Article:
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T-SQL Tuesday – Why Are DBA Skills Necessary?

November 2, 2010 1 comment

TSQL2sDay150x150

This month’s topic is hosted by Paul Randal (blog | twitter), and the topic is “Why are DBA skills necessary?”

Just like any trade there is a specific level of skill necessary to do the job.  Just like an auto-mechanic there is training to do the job.  You wouldn’t want just anybody working on your car, especially if it is a newer one with all the computer modules etc. 

There are some basic things that a technical people can do in SQL Server, like changing a flat tire.  You don’t need to be a rocket scientist to change the tire.  You do need to have a jack, wrench, some brute strength, and the knowledge where the spare is located, most people can change the tire.  If you want to change the oil the on your car you need to be a little more technical.  You need to know what type of oil you need and the oil filter, and location of the filter. 

I believe that there are skills necessary to manage a database.  As much as software vendors like to say there is no "Set it and Forget it" feature in SQL Server.  If you forget it, it will bite you and usually where the sun don’t shine. 

In my previous job I worked in technical support for a software company.  I would get a call once a week from customers where their Transaction Log file filled up their C Drive (insert laugh here), and they had no database backups (insert tear here).  This is DBA 101 stuff, actually it is Business 101, but most of the companies I dealt with did not have a DBA on staff.  It was generally the person closest to the server. 

In those cases and most of the other issues that I dealt with if they had someone with the basic SQL Server knowledge it could have prevented 99% of their issues.

Bottom line: I feel that a DBA is necessary for the well being of your companies PRICELESS data.

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Requesting SSIS Help

November 2, 2010 2 comments

Data Import from log/text file (poorly formatted)

 

I have been given the task to import some data logs from our firewall system into SQL Server for reporting purposes and to help keep data longer (also for reporting) as the firewall system database needs to purge data more regularly.

 

The fun part is the firewall software uses PostgreSQL as its database and I have not found a way to export the data out and into SQL Server.  So that leaves me to try and import the daily logs that it creates. 

 

Sample data:

1120557876,,9087042812EBD,1006,1143243492,1,0,6,SMTP-Inbound-SlimeWarner-00,smtp/tcp,102.98.153.2,1163,72.192.41.10,25,0.0.0.0,0,0.0.0.0,0,Slime Warner,Trusted,590,0,0,,SMTP-Incoming.GUS.1,,,,header=Date: Sat\, 4 Sep 2010 11:30:01 +0430,rule_name=Date:*,,,,,tr,ProxyAllow: SMTP Header,,2010-09-04 00:00:10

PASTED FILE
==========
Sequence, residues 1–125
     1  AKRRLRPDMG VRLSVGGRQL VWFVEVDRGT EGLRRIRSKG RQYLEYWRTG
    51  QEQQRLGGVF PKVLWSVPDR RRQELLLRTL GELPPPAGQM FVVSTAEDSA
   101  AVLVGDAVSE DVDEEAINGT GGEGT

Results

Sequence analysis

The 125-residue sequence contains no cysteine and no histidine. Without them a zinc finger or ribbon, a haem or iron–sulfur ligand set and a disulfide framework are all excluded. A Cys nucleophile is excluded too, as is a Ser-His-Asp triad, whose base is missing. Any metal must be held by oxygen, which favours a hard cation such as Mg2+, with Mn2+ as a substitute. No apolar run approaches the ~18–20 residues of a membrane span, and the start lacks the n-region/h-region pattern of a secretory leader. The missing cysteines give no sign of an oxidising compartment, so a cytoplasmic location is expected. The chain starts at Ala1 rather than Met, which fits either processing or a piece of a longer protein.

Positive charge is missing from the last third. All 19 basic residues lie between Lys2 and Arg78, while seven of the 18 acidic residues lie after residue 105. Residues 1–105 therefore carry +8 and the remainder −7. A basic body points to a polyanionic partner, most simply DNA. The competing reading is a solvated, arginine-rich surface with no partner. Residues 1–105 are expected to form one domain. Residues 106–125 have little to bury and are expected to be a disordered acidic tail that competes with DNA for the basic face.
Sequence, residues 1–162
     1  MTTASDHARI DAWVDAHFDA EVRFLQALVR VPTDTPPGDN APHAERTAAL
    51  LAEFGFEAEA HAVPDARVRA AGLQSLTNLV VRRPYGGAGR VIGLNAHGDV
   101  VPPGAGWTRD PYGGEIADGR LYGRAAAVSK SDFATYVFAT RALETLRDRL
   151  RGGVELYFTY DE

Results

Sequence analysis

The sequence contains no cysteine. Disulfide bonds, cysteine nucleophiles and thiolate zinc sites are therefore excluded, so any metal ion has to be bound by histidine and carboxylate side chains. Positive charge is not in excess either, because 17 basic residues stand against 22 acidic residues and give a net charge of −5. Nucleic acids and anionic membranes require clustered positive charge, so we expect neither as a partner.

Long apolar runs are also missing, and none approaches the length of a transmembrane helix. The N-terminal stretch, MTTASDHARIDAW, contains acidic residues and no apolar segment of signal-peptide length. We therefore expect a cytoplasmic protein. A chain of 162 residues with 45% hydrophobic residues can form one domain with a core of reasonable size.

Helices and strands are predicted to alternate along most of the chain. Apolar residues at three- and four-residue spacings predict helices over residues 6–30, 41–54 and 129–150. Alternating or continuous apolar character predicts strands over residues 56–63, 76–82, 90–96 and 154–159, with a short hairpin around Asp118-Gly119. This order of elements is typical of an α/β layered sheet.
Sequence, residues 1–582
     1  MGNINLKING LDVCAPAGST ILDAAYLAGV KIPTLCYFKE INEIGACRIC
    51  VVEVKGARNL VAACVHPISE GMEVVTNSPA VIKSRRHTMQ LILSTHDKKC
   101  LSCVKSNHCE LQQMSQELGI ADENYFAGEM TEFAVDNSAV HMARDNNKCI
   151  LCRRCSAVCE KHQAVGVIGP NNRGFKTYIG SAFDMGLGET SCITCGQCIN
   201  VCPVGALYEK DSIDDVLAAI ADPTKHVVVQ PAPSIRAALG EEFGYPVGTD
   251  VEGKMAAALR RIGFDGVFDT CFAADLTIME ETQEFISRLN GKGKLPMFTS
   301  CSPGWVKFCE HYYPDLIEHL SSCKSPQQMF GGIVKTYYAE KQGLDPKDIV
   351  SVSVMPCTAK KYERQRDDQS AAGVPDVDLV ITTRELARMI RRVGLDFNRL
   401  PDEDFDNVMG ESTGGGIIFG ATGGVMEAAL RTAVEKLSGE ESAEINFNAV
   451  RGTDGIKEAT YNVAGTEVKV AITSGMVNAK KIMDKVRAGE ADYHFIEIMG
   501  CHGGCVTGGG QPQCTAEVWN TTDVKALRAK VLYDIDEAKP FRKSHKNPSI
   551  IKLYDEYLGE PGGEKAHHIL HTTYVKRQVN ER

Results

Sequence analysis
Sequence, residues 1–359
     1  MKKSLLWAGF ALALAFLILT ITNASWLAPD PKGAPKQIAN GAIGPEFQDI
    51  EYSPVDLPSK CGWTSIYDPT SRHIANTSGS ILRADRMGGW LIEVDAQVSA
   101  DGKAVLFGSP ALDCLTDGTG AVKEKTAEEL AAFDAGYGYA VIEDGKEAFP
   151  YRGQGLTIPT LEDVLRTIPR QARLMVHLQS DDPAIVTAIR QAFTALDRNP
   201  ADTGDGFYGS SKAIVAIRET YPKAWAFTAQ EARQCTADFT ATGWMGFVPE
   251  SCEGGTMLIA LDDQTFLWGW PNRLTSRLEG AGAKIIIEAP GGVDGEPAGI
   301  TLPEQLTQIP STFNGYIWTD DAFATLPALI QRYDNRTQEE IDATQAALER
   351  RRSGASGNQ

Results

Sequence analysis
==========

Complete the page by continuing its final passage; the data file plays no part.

I created a simple database on my SQL Server called Firewall and created a table similar to the table in the firewall software. (I know bad table)

 

USE [Firewall]

GO

SET ANSI_NULLS ON

GO

SET QUOTED_IDENTIFIER ON

GO

CREATE TABLE [Firewall].[dbo].[cluster_traffic] (

[sid] NVARCHAR(50),

[cluster] NVARCHAR(50),

[sn] NVARCHAR(50),

[tag_id] NVARCHAR(50),

[raw_id] NVARCHAR(50),

[disp] NVARCHAR(50),

[direction] NVARCHAR(50),

[pri] NVARCHAR(50),

[policy] NVARCHAR(50),

[protocol] NVARCHAR(50),

[src_ip] NVARCHAR(50),

[src_port] NVARCHAR(50),

[dst_ip] NVARCHAR(50),

[dst_port] NVARCHAR(50),

[src_ip_nat] NVARCHAR(50),

[src_port_nat] NVARCHAR(50),

[dst_ip_nat] NVARCHAR(50),

[dst_port_nat] NVARCHAR(50),

[src_intf] NVARCHAR(50),

[dst_intf] NVARCHAR(50),

[rc] NVARCHAR(50),

[pckt_len] NVARCHAR(50),

[ttl] NVARCHAR(50),

[pr_info] NVARCHAR(50),

[proxy_act] NVARCHAR(50),

[alarm_name] NVARCHAR(50),

[alarm_type] NVARCHAR(50),

[alarm_id] NVARCHAR(50),

[info_1] NVARCHAR(100),

[info_2] NVARCHAR(100),

[info_3] NVARCHAR(100),

[info_4] NVARCHAR(100),

[info_5] NVARCHAR(100),

[info_6] NVARCHAR(100),

[log_type] NVARCHAR(50),

[msg] NVARCHAR(255),

[bucket] NVARCHAR(50),

[update_time] [datetime] NULL

)

 

The problem that I am running into is with the [info_] data field.  Some of the data has commas in it and this is causing problems when trying to import into SQL Server.

 

I initially used the SQL Server Import and Export Wizard in SSMS and this is how the data looks when I preview.  Some of the data is jumbled and moved over to the wrong column.  The highlighted shows the problem.

 

clip_image002

 

Question:

Is there a way to import this data correctly through SSIS with some sort of pre-cleanup?

 

 

 

Categories: 2010, SQL Server, Uncategorized

PASS Summit 2010

November 1, 2010 Leave a comment

Where will you be November 8th through 12th?

Me, I’ll be at the PASS Summit 2010 is the largest, most renowned Microsoft SQL Server conference in the world. PASS Summit returns to the Washington State Convention & Trade Center in Seattle Nov. 8-11, 2010.

Join thousands of SQL Server and BI professionals and learn how to cut IT costs in a difficult economy, stretch your technology investments, and squeeze the most value from your training dollars.

PASS Summit 2010 will deliver:

  • 168 in-depth technical sessions
  • 5 content tracks covering Database Administration, Database and Application Development, BI Architecture, BI Client Reporting, and Professional Development
  • 14 full-day Pre/Post-Conference Seminars on Nov. 8 and Nov. 12
  • Direct access to Microsoft SQL Server engineers, MVPs, and experts in the “Ask the Experts” Lounge
  • Face-to-face interaction with the Microsoft BI team
  • Personalized support at the Microsoft CSS First Aid Station
  • SQL CAT best-practices sessions
Categories: Uncategorized